I just posted this over there at Lauren Do‘s blog, in response to someone’s suggestion that the school district is living beyond its means:
Sometimes I think we might be looking at this in all the wrong ways. Maybe we should be asking what do we think public schools in the (arguably) richest nation in the world should provide: instruction in reading, writing, science, math, music, physical education–support for children who have special needs and support for children who are gifted. If we think that children ought to have these things, that our democracy and our nation is based on educating our youth–future citizens who will one day be running this country–then we might ask how much does it cost to provide real schools? And, because the state is not doing it, the pressure is on, if people want functioning services, to raise taxes locally. Public institutions–just like people–are imperfect, but the bottom line is that AUSD has been making do with very little, and less and less each year, and if we want to live in a place that’s safe and comfortable, and if we want our property values to continue to rise (or fall less) then we need to pay for the services that draw people to live in our community.
And I do agree with myself. Imagine! If we want Alameda to continue to be the place that it is–cozy, functional, safe–then we need to pitch in; we need to work together to support the institutions that make Alameda Alameda.
A neighbor asks: “Why do we compost?” “Where does it go?” As you know, here in Alameda we have great big green bins that we can fill with anything organic—apple peels, rotten zucchinis, used tissues, chicken bones, and, as just confirmed by Teresa Montgomery from Alameda County Industries, even our pizza boxes.
Montgomery reports that everything Alamedans put in their green bins goes to Newby Island in San Jose, where it’s Continue Reading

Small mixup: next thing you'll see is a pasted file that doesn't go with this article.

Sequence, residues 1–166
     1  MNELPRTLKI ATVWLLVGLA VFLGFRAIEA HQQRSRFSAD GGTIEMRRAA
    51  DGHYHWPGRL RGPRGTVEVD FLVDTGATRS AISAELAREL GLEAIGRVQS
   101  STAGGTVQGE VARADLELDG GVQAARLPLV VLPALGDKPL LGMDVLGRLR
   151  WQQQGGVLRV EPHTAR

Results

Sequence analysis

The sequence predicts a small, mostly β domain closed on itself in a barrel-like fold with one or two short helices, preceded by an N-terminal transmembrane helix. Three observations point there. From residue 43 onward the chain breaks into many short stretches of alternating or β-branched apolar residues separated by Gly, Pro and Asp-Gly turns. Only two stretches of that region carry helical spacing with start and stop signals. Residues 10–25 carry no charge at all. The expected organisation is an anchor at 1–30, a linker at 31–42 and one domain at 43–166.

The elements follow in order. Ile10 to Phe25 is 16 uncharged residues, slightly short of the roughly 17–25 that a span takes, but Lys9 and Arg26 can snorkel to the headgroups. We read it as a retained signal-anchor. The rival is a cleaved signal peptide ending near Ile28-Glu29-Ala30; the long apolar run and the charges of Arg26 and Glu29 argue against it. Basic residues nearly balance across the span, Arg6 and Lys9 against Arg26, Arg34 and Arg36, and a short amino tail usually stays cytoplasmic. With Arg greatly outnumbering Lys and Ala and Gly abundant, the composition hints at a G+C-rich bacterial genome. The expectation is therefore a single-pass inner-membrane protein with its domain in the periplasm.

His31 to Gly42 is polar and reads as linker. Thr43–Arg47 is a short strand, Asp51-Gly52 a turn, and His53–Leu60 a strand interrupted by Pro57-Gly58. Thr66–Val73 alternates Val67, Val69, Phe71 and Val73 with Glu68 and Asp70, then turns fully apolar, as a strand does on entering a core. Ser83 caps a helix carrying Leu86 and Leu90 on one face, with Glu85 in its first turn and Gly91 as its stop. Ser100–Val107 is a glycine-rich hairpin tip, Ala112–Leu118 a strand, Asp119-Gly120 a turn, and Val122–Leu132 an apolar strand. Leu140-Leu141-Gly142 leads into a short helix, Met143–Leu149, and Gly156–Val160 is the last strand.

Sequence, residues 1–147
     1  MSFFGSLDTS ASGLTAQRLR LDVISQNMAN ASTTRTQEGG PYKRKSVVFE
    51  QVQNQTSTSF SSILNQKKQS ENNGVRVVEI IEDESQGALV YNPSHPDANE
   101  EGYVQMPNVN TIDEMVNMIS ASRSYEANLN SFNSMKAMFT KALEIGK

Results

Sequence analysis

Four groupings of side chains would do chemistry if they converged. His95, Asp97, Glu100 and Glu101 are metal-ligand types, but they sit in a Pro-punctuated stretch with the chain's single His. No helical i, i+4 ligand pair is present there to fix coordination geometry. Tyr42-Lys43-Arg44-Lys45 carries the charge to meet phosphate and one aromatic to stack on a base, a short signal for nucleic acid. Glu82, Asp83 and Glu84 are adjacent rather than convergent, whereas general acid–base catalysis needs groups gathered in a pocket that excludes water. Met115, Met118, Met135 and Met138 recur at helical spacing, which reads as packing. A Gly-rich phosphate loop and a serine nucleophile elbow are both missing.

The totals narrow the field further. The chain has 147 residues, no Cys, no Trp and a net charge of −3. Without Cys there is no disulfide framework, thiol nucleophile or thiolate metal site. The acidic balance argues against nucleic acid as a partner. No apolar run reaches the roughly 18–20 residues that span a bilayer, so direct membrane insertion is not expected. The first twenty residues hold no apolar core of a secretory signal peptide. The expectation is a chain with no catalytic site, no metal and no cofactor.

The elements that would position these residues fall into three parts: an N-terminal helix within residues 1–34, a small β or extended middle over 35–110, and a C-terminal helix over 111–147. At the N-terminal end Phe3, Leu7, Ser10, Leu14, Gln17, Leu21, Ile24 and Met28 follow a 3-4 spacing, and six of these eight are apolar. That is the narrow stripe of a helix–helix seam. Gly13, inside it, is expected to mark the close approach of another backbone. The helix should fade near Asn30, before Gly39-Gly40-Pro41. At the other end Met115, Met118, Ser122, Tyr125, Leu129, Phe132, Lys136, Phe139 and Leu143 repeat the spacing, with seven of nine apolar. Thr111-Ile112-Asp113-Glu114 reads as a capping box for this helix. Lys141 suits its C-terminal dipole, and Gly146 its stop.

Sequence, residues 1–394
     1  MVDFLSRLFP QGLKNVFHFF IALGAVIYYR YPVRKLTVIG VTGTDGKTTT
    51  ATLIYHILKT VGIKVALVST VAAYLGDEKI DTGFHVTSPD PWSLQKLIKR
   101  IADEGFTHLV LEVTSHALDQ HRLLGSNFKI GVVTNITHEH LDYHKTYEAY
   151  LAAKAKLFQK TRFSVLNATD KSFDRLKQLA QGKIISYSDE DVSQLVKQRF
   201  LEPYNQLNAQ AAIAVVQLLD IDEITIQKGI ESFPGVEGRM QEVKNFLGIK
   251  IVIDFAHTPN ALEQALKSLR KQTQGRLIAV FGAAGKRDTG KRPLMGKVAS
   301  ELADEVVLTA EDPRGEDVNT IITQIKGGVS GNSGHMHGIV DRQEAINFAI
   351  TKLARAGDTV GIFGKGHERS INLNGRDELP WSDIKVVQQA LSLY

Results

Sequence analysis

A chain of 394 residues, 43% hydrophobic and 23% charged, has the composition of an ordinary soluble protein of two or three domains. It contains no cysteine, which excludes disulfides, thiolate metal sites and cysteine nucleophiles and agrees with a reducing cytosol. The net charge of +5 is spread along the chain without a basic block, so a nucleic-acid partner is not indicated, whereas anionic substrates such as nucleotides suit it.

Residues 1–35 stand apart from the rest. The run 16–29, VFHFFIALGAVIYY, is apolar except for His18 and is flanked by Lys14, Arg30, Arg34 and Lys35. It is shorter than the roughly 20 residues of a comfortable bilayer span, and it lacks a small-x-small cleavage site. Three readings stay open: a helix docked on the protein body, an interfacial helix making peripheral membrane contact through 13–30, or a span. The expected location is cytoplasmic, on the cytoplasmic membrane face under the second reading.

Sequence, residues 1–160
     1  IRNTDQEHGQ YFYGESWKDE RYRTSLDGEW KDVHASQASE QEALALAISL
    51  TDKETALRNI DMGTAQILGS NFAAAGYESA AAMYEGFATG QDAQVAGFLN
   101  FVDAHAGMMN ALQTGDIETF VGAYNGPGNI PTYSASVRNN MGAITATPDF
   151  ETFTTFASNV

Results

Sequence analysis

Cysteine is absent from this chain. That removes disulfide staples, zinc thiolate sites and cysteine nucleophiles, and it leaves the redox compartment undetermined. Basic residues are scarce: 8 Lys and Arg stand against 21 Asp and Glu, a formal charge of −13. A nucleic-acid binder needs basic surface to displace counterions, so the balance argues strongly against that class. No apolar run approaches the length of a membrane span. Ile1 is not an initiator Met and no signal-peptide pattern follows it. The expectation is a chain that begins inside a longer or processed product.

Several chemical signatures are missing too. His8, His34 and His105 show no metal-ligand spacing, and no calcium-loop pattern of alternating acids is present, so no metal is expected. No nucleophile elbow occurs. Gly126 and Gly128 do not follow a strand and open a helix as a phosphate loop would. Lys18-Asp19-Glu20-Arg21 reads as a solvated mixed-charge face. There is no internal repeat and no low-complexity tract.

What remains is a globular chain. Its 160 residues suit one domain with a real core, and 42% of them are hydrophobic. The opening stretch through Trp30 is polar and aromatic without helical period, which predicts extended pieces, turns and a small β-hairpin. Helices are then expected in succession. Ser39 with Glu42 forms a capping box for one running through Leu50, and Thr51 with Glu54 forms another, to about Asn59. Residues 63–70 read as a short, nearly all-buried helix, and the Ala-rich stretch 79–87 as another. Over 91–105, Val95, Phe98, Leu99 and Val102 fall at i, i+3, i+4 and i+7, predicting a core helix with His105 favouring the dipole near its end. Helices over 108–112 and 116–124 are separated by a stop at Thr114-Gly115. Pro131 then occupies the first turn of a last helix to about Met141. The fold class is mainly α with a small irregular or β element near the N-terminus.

Parents and teachers from Franklin and Paden Elementary delivered their own hand-crafted letters to Sacramento yesterday, meeting with aides from the offices of Lieutenant Governor John Garamendi and Senator Don Perata.
Ardella Dailey, AUSD‘s superintendent of schools, and school board members Mike McMahon and Janet Gibson also made the trip to Sacramento, participating in a day of advocacy in partnership with other area districts. “It’s not just about funding, it’s about improving education overall,” said PTA Council President Trish Spencer, who delivered more than 8,000 letters in support of public schools written by Alamedans. “It’s exciting to see that there are parents and legislators who want to work together throughout the state and help support education.”
By now it would be hard not to have heard that Gov. Arnold Schwarzenegger’s proposed 2008-09 budget cuts more than four billion from K-14 education. He’s also proposed suspending Prop. 98, which, since 1988, has set minimum funding levels for our state’s public schools.
Today Alameda’s PTA Council is joining with other Bay Area PTA’s in a day of advocacy in Sacramento. Many parents, educators, community members and students wrote letters to bring to the capitol. To the left is one such letter penned by a third grader, Sophie, from Franklin School.
Probably each and every one of us has some sort of electronic item that we no longer use lingering in our basement, our attic, in the back of a closet.
On Saturday, March, 1, 9-1, you can bring all your old computers, VCRs, DVD players, televisions, monitors, fax machines, scanners, printers, and anything else electronic to be recycled by locally-owned Restoronics, Inc.